The Salon du Livre de Paris², set up by Reed Exhibitions, a for-profit company, on behalf of the Syndicat National de l’Edition, a trade group of publishers, is most definitely a for-profit endeavor contrary to most comics festivals (e.g. to the best of my knowledge they do not make use of volunteer labor), so that skimpy attitude stung even more when participating creators found out about it when discussing it between themselves. Worse, some turned out to be paid for these contributions, but others not, with no discernible pattern.

So creators complained, very publicly, rallying around the hashtag #payetonauteur (pay your creator). While the Charte des Auteurs, representing child lit creators, relatively quickly obtained the guarantee child lit creators would be paid for their efforts, this of course left everyone else, so the campaign continued, with Emilie “Bulledop”, a booktuber, and other creators announcing they would not attend in the current conditions, and cartoonists such as Cy advocating the cause to the public and trying to rally support.

It’s not worth going too much over how the Salon de Livre de Paris justified their position (they tried to claim that creators would actually be promoting their own work through their contributions, therefore no pay), because after a few days of pressure … victory! They relented and announced all contributions from creators would be paid … except for signings; that part will remain a battle for another day.

And while the Salon du Livre de Paris is now over (creator revendications³ did show themselves, but it went smoothly overall), the struggle goes on, now to try and obtain better statutory protections, especially in the context of the incoming general reforms in France (e.g. unemployment, retirement, ongoing training, etc.). We have probably not seen the end of it.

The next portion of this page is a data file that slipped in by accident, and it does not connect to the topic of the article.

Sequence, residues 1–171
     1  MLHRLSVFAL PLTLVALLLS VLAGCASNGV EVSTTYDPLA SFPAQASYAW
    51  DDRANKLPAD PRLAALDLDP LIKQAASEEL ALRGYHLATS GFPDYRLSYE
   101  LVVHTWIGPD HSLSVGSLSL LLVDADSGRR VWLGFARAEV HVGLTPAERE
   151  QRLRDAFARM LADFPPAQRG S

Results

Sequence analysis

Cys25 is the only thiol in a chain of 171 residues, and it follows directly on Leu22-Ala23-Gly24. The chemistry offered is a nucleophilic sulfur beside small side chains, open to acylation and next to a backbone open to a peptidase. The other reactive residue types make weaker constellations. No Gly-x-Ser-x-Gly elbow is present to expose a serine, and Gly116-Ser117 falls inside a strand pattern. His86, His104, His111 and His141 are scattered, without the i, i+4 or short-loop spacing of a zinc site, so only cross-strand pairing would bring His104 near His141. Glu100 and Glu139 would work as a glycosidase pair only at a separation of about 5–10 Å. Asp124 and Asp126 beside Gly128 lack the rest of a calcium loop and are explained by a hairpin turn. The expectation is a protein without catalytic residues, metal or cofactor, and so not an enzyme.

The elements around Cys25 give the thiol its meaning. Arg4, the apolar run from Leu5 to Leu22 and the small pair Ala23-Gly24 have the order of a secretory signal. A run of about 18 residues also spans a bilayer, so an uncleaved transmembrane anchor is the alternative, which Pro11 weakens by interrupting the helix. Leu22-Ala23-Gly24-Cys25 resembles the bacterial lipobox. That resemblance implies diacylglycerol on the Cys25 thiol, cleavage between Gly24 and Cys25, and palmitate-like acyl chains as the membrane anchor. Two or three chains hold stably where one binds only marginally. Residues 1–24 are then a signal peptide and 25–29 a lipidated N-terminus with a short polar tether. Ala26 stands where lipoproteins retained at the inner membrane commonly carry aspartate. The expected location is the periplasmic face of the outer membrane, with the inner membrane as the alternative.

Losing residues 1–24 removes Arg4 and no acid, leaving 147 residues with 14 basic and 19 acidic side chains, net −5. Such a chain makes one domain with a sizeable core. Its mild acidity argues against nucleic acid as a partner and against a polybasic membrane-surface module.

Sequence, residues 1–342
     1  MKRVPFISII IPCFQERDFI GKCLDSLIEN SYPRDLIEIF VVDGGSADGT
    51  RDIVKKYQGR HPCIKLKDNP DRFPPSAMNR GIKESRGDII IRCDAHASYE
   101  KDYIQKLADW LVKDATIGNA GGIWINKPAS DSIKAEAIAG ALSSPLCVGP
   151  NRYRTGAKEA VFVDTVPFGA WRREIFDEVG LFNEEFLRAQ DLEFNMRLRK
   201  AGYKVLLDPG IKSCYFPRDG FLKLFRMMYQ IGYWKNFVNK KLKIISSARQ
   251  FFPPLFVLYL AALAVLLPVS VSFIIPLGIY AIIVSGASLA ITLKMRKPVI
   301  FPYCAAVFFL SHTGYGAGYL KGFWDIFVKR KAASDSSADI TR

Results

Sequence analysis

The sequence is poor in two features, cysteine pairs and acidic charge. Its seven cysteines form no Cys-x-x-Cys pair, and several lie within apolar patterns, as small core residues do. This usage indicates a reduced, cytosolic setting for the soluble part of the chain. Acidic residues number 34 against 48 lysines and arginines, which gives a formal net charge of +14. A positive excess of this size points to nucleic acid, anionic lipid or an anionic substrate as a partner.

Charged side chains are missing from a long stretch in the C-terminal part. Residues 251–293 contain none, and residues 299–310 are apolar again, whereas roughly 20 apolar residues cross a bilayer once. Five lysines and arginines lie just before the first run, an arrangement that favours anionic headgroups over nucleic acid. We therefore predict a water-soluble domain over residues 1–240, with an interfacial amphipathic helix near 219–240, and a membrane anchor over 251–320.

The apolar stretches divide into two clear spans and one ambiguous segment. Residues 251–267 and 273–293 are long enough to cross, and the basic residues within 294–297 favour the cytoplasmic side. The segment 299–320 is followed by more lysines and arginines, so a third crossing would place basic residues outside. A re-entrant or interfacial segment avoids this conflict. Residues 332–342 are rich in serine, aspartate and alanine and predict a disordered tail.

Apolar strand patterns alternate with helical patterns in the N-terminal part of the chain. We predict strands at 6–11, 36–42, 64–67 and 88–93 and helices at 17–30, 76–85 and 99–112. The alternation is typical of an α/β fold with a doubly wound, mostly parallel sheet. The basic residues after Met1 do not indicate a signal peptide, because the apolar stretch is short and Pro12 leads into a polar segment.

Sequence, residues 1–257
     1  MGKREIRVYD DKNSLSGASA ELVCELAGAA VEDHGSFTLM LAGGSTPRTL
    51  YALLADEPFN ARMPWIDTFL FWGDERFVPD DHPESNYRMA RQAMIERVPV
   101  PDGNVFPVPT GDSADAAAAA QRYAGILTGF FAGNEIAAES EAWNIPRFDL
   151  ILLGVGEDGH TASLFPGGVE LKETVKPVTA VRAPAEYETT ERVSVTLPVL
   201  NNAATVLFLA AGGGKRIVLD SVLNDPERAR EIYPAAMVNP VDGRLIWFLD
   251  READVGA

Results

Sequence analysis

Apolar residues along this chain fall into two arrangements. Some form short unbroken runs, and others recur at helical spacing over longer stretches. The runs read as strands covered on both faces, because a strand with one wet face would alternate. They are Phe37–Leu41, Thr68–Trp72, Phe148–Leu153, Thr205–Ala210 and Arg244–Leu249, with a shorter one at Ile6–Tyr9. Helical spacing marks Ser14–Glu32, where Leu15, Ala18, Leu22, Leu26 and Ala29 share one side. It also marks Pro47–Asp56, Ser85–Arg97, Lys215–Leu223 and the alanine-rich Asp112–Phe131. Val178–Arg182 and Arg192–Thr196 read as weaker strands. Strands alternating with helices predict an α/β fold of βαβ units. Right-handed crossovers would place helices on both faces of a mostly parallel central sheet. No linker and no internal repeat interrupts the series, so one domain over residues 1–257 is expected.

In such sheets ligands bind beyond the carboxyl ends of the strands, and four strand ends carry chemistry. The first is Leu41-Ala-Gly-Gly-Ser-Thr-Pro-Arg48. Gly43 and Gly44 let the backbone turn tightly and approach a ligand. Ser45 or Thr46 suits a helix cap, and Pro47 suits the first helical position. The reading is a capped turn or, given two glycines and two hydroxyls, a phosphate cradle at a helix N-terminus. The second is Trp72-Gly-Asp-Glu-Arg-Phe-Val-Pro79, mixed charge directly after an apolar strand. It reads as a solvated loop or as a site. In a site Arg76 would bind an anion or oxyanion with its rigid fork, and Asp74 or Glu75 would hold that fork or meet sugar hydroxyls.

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Many thanks for FSFCPL, and is your mind as blown as mine by the bit at the end? Creators seeking legal protections against exploitative circumstances at shows? In the US, we can’t even get major publishers to not offer illegal internships. Thankfully, others understand that treating people well forms a pipeline for the skills you need to keep your business running (heck, I’m tempted to take a leave from my frustrating job and apply for that :01 Books internship myself).


Spam of the day:

Discrete, Beautiful, Women Waiting For You

Wait, you mean the Asian mail-order brides you’re advertising are distinct and separate individuals? Awesome, I’ve never really been into hive minds. Now, are they also careful and circumspect in their speech and actions, so as to avoid causing offense or gain advantage?

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¹ Along with a narrowing from some late night EMS calls and not enough sleep in the past 24 hours.

² Which covers prose books and children books in addition to comics.

Editor’s note: Reed Exhibitions (a division of RELX Group, formerly Reed Elsevier) is the parent company of Reed!Pop, who run NYCC and bought (and greatly changed) Emerald City Comic Con. Reed Exhibitions do a lot of trade shows worldwide, and their mastery of forms as diverse as the boat show or the home improvement show reveals that they try to treat their events according to a standard script. But comics are neither boats nor building contractors.